stands for Linear Collider Flavour Identification

Each electron trap in the semiconductor material can either be empty (holding no electron) or full (holding one electron). In order to simulate

0920-5632/$ – see front matter © 2007 Elsevier B.V. All rights reserved. doi:10.1016/j.nuclphysbps.2007.08.064

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A. Sopczak et al. / Nuclear Physics B (Proc. Suppl.) 172 (2007) 327–330

the normal operating conditions of CCD58, partial trap filling was employed in the simulation (which means that some traps are full and some are empty) because the device will transfer many charge packets during continuous operation. 2. ANALYTICAL MODELS The following two simple analytical models are introduced to understand the underlying effects and to make comparisons with the DESSIS simulations (referred to as the “full simulations”). 2.1. Simple CTI Model Firstly, a simple analytical model is considered, based upon a single trapping level—a so-called Simple CTI model. This is significantly faster than a full simulation. It also provides a simple method to see the effect of changing parameters and demonstrates physics understanding. The charge transfer process is modelled by a differential equation in terms of the different time constants and temperature dependence of the electron capture and emission processes. In the electron capture process, electrons are captured from the signal packet and each captured electron fills a trap. This occurs at the capture rate τc . The electron emission process is described by the emission of captured electrons from filled traps back to the conduction band, and into a second signal packet at the emission rate τe . The Shockley-Read-Hall theory [2] considers a defect at an energy Et below the bottom of the conduction band, Ec , and gives expressions for τe and τc . At low temperatures, the emission time constant τe can be very large and of the order of seconds. The charge shift time is of the order of nanoseconds. A larger τe means that a trap remains filled for much longer than the charge shift time. Further trapping of signal electrons is not possible and, consequently, the CTI is small at low temperatures. A peak occurs between low and high temperatures because the CTI is also small at high temperatures. This manifests itself because, at high temperatures, the emission time constant decreases to become comparable to the charge shift time. Now, trapped electrons rejoin their signal packet.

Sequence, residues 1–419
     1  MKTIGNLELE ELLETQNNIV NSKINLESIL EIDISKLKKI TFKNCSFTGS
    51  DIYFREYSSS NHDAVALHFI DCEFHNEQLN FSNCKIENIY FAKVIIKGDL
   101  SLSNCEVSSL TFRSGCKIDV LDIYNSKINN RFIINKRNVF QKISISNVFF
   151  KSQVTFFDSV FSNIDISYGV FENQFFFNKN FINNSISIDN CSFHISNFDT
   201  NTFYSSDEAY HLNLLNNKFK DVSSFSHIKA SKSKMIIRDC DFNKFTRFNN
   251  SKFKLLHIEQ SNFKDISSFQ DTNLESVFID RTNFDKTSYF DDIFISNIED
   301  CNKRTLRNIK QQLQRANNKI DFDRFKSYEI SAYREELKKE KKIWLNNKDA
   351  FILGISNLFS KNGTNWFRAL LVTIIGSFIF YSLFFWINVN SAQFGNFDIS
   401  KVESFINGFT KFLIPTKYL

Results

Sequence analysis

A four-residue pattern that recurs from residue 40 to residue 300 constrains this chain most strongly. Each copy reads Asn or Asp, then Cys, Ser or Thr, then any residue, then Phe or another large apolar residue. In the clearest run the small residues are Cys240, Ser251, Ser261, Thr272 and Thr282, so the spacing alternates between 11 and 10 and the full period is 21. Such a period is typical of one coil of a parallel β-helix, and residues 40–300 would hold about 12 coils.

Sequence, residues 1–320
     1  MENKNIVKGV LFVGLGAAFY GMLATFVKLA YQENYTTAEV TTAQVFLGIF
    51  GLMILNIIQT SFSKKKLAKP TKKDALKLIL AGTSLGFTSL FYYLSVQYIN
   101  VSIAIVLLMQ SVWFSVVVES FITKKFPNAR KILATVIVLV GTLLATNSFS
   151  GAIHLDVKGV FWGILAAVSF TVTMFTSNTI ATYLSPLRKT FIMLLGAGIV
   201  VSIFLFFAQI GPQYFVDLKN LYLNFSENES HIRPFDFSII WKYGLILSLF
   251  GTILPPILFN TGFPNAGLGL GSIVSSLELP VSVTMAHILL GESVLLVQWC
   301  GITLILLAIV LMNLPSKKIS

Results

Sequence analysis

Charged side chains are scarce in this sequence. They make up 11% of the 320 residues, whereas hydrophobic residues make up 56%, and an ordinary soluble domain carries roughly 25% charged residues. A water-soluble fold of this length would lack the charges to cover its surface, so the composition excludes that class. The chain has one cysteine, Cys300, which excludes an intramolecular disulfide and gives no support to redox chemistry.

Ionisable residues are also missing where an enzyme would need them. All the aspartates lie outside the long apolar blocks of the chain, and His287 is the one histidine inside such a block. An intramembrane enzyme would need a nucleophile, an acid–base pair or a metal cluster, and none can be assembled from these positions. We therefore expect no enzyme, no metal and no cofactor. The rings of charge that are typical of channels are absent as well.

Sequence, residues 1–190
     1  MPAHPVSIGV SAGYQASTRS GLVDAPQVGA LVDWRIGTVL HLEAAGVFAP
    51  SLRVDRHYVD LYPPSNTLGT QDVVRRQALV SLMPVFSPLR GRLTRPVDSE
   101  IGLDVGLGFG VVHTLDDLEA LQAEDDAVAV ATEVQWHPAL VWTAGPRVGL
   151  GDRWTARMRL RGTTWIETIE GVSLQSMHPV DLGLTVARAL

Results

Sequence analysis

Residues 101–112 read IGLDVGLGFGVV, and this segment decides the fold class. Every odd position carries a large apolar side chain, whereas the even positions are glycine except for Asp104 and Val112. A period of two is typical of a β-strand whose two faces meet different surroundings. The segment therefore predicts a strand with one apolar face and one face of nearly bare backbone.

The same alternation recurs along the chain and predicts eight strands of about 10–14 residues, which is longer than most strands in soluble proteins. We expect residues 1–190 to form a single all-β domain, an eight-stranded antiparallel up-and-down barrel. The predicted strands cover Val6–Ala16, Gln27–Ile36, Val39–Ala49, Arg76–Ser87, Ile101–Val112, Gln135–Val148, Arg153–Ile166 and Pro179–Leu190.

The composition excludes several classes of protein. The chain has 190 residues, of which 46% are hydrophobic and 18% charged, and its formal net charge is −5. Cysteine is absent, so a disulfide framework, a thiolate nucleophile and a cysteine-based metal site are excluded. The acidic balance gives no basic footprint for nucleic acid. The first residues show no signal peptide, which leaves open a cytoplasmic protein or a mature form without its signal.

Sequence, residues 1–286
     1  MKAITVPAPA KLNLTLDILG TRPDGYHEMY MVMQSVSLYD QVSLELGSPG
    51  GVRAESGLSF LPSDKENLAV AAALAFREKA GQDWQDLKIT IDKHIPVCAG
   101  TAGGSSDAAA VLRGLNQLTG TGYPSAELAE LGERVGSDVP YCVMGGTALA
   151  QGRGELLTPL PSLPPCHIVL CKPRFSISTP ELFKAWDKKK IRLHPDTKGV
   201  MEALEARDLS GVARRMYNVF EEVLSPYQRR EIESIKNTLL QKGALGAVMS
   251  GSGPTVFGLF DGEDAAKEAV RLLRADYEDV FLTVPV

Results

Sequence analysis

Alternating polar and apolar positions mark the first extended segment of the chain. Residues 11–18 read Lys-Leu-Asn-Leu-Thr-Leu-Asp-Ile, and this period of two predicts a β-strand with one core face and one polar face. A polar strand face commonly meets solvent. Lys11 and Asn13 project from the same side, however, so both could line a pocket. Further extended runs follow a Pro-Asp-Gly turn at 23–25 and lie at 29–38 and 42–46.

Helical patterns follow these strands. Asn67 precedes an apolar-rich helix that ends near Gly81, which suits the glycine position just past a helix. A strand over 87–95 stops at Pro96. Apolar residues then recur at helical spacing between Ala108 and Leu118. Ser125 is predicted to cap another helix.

From the fraction of filled traps, a differential equation can be derived where rf (t) = nt (t)/Nt is the time-dependent fraction of filled traps, nt (t) is the density of traps filled by electrons, and Nt is the density of traps. Considering that the traps are partially filled and using the initial condition: rf (0) = rf (tsh )e−tw /τe where rf (0) is the fraction of filled traps after a mean waiting time, tw , the differential equation can be solved to provide an expression for the CTI: 3Nt τs − rf (0) 1 − e−tsh /τs CT I = ns τc